Sunday, 2 December 2007

Mystery and history

Mysteries with a historical background were written long before the 1970s, but the popularity of this branch of the genre really took off in that decade, thanks in the main to the success of Peter Lovesey’s books about Sergeant Cribb and Ellis Peters’ about Brother Cadfael. In recent years, the complexities of forensic science have led many authors who in the past would have written about contemporary amateur detectives to conjure up historical sleuths, who don’t have to worry about DNA and all that.

I’ve tried my hand at a number of short stories with a historical background, often as a result of commissions from anthologists. They are fun to write, and although I don’t have any plans to write a series of novels with a historical background, I might resurrect Benjamin Jowett, renowned Master of Balliol College, for another outing one of these days. He featured in my solitary (so far) tale set in Oxford, ‘The Mind of the Master’, which I think has been my most successful effort at the historical mystery to date.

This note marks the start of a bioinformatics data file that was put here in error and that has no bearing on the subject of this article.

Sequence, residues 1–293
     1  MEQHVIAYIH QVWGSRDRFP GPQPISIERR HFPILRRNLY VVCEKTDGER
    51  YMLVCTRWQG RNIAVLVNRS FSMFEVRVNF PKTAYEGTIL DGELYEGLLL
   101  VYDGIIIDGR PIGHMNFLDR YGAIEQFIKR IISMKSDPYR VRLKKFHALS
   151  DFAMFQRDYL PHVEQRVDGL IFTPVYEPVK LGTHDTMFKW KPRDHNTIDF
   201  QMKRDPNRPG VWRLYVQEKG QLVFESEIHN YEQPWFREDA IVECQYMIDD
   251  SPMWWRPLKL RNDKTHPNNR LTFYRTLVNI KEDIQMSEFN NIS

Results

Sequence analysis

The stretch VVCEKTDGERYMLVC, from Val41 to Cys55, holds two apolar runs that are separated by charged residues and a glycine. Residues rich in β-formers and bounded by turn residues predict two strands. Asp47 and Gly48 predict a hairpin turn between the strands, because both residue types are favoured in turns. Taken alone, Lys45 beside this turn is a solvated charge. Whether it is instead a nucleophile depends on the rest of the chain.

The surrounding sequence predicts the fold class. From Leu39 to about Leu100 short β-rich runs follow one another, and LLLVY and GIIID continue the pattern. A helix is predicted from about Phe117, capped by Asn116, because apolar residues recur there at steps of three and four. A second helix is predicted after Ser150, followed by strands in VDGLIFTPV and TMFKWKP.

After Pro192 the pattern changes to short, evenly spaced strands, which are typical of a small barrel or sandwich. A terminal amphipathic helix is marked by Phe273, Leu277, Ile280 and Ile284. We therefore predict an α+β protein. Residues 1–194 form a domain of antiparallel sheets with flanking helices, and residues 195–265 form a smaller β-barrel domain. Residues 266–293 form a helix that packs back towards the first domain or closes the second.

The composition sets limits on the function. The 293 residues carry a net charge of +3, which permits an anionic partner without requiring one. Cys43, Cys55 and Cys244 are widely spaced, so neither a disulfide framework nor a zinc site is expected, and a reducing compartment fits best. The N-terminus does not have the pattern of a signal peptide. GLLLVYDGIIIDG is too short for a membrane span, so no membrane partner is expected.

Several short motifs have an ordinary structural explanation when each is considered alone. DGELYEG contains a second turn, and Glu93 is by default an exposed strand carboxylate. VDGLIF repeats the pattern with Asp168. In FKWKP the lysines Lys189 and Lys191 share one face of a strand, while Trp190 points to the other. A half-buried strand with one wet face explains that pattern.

Meanwhile, Faber, publishers of distinction, are carving themselves something of a niche with historical detective fiction. Their latest offering to show up on the radar is A Vengeful Longing, due to be published next February. It’s a sequel to A Gentle Axe, which I must admit passed me by, and it features Porfiry from Crime and Punishment – a neat idea.


Kate Callaghan said...

Finally caught up with your blog, Martin - it's great to hear the full details of what you are up to (quite a bit, by all accounts!) Certainly made me feel more than a bit nostalgic for the 'old days'...

Am loving the Lakes novels, though I have to admit I've always kept a corner in my heart for old Harry - so I'm delighted to hear he's on his way back. He has been missed!

Martin Edwards said...

Kate - how lovely to hear from my first editor and a great influence for the good on the Harry Devlin series!